I'm trying to build a digitally controlled linear bench power supply. The idea is to have a DAC that will output a low voltage (in my case it's 0-2.5V) and then scale it (let's say 0-25V for simplicity). And of course, buffer it with a big transistor.
In the first iteration I used simply a 10x gain opamp and then just used it to drive a darlington pair. This works, except it's limited by the opamp's supply. In my case I'm just using a TL072. Absolute maximum for this this is 36V, with max differential input voltage <30V. Which effectively limits my power supply's voltage to, realistically, less than 25V (since it needs -V lower than -3V to reach zero. TL072 is not rail to rail). TL072 is easy to find and I'd like to avoid the need for "fancier" high voltage opamps
Now, for the second iteration someone suggested I simply use something like the following:
In this case, the feedback is passed through R9/R3, scaling it 1/10. When the opamp has 2.5V at its inverting input, it compensates to make the noninverting input 2.5V as well. To do this, it needs to make the output 25V. This works. Until I alter the output.
If I add any sort of capacitance at the output, the whole circuit starts oscillating.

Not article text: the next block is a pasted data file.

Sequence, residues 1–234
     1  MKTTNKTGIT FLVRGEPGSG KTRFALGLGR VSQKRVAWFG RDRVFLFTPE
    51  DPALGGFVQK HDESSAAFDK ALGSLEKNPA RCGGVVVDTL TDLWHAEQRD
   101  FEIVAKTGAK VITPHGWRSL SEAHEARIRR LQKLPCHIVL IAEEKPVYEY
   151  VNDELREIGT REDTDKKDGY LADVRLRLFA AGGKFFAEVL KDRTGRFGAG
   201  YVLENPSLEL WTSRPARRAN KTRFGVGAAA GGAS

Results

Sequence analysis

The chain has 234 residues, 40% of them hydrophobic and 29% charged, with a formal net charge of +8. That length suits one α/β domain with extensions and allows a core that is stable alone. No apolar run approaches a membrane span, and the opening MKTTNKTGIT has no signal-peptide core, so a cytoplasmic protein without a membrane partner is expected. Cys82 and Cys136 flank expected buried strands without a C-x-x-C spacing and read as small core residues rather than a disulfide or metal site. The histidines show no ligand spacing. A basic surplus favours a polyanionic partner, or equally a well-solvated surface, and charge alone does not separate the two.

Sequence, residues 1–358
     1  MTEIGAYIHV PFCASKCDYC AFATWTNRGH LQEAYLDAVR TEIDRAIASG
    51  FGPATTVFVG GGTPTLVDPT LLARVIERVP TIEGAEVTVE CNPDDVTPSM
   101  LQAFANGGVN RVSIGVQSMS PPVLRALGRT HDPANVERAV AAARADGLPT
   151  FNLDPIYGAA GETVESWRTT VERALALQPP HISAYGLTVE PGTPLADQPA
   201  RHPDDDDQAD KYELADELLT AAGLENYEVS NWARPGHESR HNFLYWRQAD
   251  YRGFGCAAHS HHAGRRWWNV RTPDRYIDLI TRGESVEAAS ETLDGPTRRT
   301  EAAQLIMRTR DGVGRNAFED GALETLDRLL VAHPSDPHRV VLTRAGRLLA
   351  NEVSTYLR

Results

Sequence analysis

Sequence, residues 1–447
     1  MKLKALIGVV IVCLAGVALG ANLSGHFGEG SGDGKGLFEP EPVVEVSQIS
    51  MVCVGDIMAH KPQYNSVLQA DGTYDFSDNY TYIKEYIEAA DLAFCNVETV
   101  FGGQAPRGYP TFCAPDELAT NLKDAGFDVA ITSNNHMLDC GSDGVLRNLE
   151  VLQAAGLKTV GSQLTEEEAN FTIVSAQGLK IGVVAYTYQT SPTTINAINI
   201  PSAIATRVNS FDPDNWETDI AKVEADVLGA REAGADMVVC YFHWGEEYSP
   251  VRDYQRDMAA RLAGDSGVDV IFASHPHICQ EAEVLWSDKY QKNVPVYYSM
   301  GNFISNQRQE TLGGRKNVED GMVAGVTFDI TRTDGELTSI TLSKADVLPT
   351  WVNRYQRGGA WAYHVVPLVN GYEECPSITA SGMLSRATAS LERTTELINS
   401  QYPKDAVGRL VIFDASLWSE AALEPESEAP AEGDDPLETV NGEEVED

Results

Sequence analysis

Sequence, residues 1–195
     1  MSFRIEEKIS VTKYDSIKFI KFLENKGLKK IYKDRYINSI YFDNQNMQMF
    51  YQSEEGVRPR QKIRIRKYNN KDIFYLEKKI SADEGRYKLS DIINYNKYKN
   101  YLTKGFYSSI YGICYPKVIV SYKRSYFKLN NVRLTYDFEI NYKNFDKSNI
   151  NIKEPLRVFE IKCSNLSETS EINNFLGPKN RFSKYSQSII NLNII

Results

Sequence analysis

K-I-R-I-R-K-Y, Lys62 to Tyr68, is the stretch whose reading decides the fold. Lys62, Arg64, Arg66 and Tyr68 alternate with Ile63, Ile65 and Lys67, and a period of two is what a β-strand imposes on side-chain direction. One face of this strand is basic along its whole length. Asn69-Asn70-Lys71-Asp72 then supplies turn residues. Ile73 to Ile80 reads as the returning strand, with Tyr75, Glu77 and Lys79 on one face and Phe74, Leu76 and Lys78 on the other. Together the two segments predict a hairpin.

How can I compensate this? Or in any case, is this the right topology to use?
I have figured out a different topology, using a PNP transistor instead of NPN to supply voltage to the output darlington. Here's the schematics:
In this case I have also added current limiting to the circuit. I'll try to explain the idea. First of all, the load is simulated by R15 in the diagram. V2 is a voltage source, in my case a DAC controlled by a microcontroller. This sets the voltage reference for U1, through the noninverting input. The output of the opamp is connected via R2 to Q4 which "modulates" the base for Q3, which finally sets the voltage for the Q2/Q1 pair. This allows me to output a larger voltage than supported by the opamp. In this case, V+/V- is +/-10V while the collector voltage is 40V. Using R9/R2 I get feedback from the output, which is scaled 1/10. C1 slows down the response to keep the whole circuit from oscillating when there's a capacitive load at the output. Now when there's a capacitance at the output my circuit doesn't oscillate anymore.
Now on to the second part: a programmable current limiter. R6 is a shunt resistor, 0.1 ohms. This is the input for U2 inverting input. The noninverting input is another voltage source. In this case, 0.1 ohms provide 100mv/A. If I want to have a fixed 2A output current, I'll set the reference input to 200mV. When the noninverting input reaches the set voltage, Q5 will "rob" current from V2 (voltage setting), thus making the output voltage drop enough to keep the current at the set value. C3 slows down the circuit to make it respond smoothly instead of clipping.
The problem is, again, a capacitance at the output. This makes my circuit oscillate again.